Jobs will come to replace the ones lost, just as through the Twentieth Century new roles developed to replace those displaced from as nations like the US, France and Australia evolved from largely agricultural economies into industrial and then service industries.

But the human cost is real and there are no shortage of shrunken or abandoned towns that were once thriving market or railway hubs at the beginning of the Twentieth Century.

For technologists, this is an issue that has to be faced as we enter a period of economic and technological change far greater than the one we saw in the 1970s and 80s.

Car wreck photo courtesy of CBR1000 through

Aug 222014
communications is critical to modern business

In the early hours of this morning I spoke with Rod Quinn on ABC Overnights about what exactly is metadata in light of current Australian government plans to mandate a data retention law for internet service providers.

Part of the problem in the debate is defining exactly what metadata is, something I’ve attempted to do previously.

The attempt to bring clarity to the discussion isn’t being helped by the confusing explanations of politicians as shown in this interview with Malcolm Turnbull, the communications minister, shows.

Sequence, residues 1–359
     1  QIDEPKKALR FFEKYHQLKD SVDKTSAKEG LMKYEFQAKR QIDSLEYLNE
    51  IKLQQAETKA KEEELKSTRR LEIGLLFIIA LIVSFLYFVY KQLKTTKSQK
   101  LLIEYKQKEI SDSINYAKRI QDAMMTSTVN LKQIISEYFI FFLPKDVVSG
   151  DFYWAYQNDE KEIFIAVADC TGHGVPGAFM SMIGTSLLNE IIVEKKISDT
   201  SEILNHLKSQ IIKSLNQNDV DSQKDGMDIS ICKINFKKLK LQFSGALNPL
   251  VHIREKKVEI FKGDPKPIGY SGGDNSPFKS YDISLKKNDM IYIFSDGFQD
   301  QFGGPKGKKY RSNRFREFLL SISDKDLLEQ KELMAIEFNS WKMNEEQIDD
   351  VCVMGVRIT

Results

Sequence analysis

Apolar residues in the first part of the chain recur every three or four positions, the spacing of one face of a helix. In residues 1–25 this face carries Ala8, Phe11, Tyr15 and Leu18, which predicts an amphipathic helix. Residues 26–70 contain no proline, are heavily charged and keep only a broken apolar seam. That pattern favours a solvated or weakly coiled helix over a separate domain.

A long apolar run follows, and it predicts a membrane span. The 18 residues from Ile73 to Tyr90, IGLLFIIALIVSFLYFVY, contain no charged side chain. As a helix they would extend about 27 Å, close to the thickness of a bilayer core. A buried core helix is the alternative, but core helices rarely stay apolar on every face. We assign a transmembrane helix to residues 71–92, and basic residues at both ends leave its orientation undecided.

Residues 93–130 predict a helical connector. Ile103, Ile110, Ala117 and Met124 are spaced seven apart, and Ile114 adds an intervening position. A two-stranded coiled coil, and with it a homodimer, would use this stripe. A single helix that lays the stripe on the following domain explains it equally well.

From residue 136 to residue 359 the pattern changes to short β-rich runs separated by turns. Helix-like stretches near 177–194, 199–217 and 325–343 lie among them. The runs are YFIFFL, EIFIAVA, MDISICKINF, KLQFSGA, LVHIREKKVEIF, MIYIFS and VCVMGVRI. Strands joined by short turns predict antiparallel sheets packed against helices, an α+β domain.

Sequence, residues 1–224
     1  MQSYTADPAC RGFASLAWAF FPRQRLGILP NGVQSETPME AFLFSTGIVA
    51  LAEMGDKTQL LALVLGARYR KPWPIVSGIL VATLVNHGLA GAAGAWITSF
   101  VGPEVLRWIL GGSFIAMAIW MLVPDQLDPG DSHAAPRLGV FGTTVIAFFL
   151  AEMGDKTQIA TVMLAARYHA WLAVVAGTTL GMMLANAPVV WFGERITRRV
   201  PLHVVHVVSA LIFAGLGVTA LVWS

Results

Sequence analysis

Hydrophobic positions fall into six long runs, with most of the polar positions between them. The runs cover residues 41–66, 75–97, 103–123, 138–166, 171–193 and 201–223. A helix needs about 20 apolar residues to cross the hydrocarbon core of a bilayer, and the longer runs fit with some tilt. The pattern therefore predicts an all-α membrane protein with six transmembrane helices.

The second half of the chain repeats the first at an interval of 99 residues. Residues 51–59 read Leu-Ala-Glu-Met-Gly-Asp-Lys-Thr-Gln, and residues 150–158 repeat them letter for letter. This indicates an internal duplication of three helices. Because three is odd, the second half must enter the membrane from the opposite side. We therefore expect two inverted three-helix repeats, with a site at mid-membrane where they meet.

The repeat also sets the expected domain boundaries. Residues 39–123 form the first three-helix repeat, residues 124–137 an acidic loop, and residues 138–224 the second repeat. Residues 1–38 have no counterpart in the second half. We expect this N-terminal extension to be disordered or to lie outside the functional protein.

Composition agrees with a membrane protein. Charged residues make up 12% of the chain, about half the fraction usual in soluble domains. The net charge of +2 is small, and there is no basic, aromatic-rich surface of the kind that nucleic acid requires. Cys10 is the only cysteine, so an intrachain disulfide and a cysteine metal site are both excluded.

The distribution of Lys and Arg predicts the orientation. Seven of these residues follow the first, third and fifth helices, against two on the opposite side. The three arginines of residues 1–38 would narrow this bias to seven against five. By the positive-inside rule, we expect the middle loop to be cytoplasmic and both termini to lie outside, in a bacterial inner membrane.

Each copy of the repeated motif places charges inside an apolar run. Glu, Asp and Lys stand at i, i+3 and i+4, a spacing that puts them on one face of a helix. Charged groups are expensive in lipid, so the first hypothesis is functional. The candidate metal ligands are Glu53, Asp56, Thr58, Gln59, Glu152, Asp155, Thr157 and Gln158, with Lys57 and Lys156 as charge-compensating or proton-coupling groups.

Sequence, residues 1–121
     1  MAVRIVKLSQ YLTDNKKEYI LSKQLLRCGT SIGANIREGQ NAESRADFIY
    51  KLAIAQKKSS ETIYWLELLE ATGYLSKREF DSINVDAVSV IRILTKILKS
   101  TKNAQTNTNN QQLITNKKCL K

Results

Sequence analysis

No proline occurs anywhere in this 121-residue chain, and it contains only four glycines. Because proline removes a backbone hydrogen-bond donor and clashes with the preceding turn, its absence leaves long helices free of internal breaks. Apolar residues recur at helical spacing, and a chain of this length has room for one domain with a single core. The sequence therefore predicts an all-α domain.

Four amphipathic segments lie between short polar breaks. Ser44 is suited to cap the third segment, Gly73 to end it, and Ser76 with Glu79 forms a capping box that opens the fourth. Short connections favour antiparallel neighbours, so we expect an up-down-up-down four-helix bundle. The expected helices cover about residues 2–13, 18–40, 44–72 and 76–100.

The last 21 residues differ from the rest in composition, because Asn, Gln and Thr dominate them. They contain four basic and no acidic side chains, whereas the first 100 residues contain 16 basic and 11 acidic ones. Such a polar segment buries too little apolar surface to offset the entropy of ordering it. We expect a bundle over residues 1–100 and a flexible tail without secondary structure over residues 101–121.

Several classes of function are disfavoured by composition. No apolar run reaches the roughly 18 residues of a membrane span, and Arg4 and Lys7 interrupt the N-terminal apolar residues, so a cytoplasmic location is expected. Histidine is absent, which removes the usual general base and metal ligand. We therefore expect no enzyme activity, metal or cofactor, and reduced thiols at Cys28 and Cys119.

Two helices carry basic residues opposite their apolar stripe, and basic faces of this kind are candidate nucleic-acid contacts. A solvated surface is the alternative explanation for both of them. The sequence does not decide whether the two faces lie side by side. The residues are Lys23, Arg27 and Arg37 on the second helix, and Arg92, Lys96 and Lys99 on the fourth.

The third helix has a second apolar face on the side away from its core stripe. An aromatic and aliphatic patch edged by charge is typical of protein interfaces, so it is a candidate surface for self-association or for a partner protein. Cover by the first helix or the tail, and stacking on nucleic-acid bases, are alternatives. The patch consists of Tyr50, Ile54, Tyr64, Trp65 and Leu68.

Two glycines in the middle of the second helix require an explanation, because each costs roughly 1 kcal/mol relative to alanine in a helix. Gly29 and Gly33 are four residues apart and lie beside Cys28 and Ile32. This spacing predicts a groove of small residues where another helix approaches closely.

One of the things that kept coming up in the conversation, which we hope to have available shortly, was people who have nothing to hide should have nothing to fear.

These two videos — Don’t Talk To Cops Parts I and II — feature a law professor and police prosecutor speaking about how innocent people can be caught out by the law.

First the law professor;

Then the police prosecutor;

A question the law professor asks, “did you know it’s a Federal offence to posses a lobster?” The answer is ‘yes’ and in every country there’s almost no way any individual can be confident they haven’t committed a crime under some obscure or archaic law.

This is why an adult discussion on laws that change the burden of proof and how government agencies conduct themselves is important.

Another key point from this morning’s conversation is how we need to reconsider the boundaries of privacy and personal information.

Jul 202014
cheap robots cleaning computers

Last Friday the Global Innovation Index was released rating nations on their ability to adapt and compete in today’s global economy, the authors though believe the measure is more than just economics.